This is old news (I meant to touch on it) but Gov. Bill Richardson vetoed SB1174 of last week:
The New Mexico Medical Society didn’t voice opposition to a bill that would have required all girls entering sixth grade to be vaccinated against a sexually transmitted disease that can cause cervical cancer until the measure had passed last month.
This week, in a move that surprised some, Gov. Bill Richardson vowed to veto it after hearing from doctors and others who oppose the bill.
“I felt bad that it was after the fact,” Randy Marshall, the medical society’s executive director, said Wednesday.
The new vaccine protects women against some strains of the human papillomavirus, or HPV. The measure would have required all private and public school girls to decide whether to get the first shot in a series of three before school began this fall. Girls also could have refused the vaccine, which would have been as simple as checking a box on an information pamphlet about the vaccine.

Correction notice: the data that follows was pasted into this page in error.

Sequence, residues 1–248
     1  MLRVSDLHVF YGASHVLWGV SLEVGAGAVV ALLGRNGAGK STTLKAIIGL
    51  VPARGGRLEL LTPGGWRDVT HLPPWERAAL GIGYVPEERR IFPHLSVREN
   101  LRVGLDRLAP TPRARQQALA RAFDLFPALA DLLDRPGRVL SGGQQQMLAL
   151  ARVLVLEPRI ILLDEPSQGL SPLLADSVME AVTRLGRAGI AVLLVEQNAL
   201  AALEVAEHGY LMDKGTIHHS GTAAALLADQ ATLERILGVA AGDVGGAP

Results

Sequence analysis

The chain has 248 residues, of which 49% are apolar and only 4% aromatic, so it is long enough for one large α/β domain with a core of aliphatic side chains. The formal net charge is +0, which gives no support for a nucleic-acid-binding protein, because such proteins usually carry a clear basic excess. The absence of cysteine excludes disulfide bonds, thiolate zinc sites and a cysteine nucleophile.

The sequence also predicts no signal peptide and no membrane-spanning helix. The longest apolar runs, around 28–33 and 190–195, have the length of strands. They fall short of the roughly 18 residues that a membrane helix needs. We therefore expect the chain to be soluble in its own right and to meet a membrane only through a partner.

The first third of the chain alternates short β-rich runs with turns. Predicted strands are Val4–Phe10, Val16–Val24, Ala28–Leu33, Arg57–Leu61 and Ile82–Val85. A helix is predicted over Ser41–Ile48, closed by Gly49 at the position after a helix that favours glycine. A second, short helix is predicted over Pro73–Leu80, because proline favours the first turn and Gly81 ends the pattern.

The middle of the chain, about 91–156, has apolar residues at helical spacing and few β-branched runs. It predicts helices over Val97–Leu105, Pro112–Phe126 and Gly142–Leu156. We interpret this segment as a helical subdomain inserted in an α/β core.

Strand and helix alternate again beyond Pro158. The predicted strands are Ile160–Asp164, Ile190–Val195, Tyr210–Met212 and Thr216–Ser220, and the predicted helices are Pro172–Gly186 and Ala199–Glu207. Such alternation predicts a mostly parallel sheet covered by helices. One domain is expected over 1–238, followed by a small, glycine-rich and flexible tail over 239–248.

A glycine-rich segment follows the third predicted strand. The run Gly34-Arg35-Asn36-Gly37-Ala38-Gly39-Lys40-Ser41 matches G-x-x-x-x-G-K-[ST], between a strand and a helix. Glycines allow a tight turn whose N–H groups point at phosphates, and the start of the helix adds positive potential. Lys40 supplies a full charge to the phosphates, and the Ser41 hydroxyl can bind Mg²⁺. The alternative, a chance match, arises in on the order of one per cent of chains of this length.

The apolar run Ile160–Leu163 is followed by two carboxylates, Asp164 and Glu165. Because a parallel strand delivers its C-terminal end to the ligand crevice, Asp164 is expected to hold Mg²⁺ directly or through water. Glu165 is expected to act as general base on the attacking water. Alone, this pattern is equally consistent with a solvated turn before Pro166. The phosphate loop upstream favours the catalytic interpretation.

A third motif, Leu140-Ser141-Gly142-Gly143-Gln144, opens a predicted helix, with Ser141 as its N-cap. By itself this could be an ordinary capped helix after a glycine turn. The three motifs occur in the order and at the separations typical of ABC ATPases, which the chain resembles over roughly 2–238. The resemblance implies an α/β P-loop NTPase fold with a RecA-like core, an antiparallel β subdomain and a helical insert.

Just like Richardson’s veto of funding to study the Gila and San Francisco rivers, his administration supported this legislation. During a January meeting with Grant County leaders, Sec. of Health Michelle Lujan Grisham said getting the vaccine into schools was a priority for the Department of Health:
â€œThe HPV vaccine is a great thing,â€ she said. â€œThis is a vaccine that will prevent cancer.â€
Grisham said the vaccine will be targeted to girls age 11 to 12.
â€œSome peopleâ€™s reaction to that will be, â€˜That seems inappropriate,â€™â€ she said. â€œThatâ€™s not true. Itâ€™s flat prevention, and itâ€™s most effective if you start with this population.â€
And, as with the veto of the Gila Funding, Richardson’s action came as a surprise late in the game, with a quick reversal of the expected outcome. Fortunately, he did sign Sen. Dede Feldman’s bill mandating insurance coverage for the vaccine.
UPDATE: Cleaned up some redundant writing.